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Good Vibes For Vocab

Good Vibes For VocabATufts graduate and a friend have developed an album that aimsto teach college-level vocabulary to high school students throughhip-hop songs.Medford/Somerville,Mass.

Medford/Somerville, Mass. [04.27.05] Preparing for the verbal portion of the SAT can intimidateeven the most verbose student. But a Tufts graduate and a friendhave developed a way to make erudition come easy – a CDfull of hip-hop songs peppered with college-level vocabulary words.

"In alot of classrooms, vocabulary is treated like a frozen thing,but it's a living thing," Alex Rappaport (A'02) told TheBoston Globe.

Noting thedifficulty for some students to learn about words in the contextof rote memorization, Rappaport, a producer and recording engineer,and friend Blake Harrison, a tutor, decided to pen songs thatwere both enjoyable and educational.

"Learningwords this way, we're pronouncing the words and you're hearingthe words used. When you look up a word in the dictionary it'soften in some kind of archaic terminology we don't use anymore,"Rappaport told the Globe.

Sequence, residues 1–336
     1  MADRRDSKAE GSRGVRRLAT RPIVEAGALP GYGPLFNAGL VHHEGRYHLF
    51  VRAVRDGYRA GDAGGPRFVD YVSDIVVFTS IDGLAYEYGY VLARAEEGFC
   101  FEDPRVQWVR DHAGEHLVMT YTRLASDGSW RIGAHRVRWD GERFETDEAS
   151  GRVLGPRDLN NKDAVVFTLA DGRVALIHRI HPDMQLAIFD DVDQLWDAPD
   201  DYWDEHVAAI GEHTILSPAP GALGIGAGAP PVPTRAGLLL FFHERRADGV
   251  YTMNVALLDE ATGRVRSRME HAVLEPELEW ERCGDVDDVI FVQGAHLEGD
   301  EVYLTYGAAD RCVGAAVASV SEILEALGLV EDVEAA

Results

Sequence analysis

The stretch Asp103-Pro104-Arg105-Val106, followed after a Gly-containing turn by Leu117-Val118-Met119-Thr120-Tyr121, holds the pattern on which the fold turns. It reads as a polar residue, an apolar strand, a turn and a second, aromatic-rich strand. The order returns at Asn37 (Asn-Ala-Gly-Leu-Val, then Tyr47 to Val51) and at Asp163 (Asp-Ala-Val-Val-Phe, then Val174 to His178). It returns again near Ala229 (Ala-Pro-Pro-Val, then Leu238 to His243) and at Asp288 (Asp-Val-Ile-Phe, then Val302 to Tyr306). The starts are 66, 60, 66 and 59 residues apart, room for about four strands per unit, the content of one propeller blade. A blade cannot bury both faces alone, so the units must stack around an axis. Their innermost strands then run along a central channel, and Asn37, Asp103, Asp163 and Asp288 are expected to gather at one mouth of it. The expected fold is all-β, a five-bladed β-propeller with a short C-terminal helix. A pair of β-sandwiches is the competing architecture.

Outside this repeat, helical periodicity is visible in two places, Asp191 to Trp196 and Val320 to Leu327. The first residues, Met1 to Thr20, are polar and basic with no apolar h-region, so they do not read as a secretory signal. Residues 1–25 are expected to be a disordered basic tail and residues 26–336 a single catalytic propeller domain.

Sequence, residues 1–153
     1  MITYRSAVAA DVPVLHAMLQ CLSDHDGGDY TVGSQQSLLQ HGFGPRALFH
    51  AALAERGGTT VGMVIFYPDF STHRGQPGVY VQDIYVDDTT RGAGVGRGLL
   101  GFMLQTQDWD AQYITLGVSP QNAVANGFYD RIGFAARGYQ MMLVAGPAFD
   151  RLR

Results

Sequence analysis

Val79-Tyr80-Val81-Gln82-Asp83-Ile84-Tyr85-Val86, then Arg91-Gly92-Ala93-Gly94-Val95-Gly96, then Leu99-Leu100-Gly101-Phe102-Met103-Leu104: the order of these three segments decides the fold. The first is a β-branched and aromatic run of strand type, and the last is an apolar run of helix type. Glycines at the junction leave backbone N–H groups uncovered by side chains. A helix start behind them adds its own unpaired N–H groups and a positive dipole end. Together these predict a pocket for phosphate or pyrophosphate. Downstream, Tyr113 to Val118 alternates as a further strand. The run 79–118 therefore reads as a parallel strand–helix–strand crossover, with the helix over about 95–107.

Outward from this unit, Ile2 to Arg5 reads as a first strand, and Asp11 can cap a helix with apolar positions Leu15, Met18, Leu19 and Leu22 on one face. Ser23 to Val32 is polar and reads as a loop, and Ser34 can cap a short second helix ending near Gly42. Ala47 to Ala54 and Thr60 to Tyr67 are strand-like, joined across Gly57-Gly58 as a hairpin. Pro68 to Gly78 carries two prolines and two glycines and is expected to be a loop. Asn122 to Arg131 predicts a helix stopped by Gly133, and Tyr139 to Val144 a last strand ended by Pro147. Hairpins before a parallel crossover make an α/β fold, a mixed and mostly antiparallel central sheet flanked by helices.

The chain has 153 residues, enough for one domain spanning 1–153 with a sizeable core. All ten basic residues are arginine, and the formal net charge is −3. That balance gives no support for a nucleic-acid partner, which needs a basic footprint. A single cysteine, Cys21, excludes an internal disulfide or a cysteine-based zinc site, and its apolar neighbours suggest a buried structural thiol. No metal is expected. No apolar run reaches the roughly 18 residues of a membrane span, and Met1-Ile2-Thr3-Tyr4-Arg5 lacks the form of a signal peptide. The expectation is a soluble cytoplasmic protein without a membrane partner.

Their album,''Flocabulary, a Dictionary and a Microphone," came out inApril, featuring cuts such as the title track "Flocabulary"and "Quantify."

The songsdon't attempt to preach definitions and Latin roots. Rather, Rappaportand Harrison intend them to function the way any song would.

"Thefirst step is coming up with a cohesive song that works. Afterthat, it's up to the kids how they use it," the Tufts graduateexplained to the Globe. "They can listen and readalong [with the lyrics]. The way it works is the way any songworks. It stimulates the listener in some way, whether emotionallyor from a pretentious standpoint. They're listening and havingfun."

Initial reactionfrom students has been positive.

"There'san after-school program called Be the Music [at Fenway High Schoolin Boston]. Basically, it's a bunch of girls who sing a cappellamusic after school, and we had the opportunity to teach them oneof our hip-hop songs," Rappaport recalled to the newspaper."We were pretty nervous because we thought they would bea little bit more critical of it, but they were really receptiveand supportive. It was very rewarding."

The key, Rappaporttold the Globe, is encouraging the students to use theirown intellect and initiative.

"We encouragestudents to trust their own use of words and understanding ofvocabulary, rather than focusing on what some old dictionary says,"he said.

 

 

 

 

 

 

 

 

 

 

 

 

 

 

 

 

 

 

 

 

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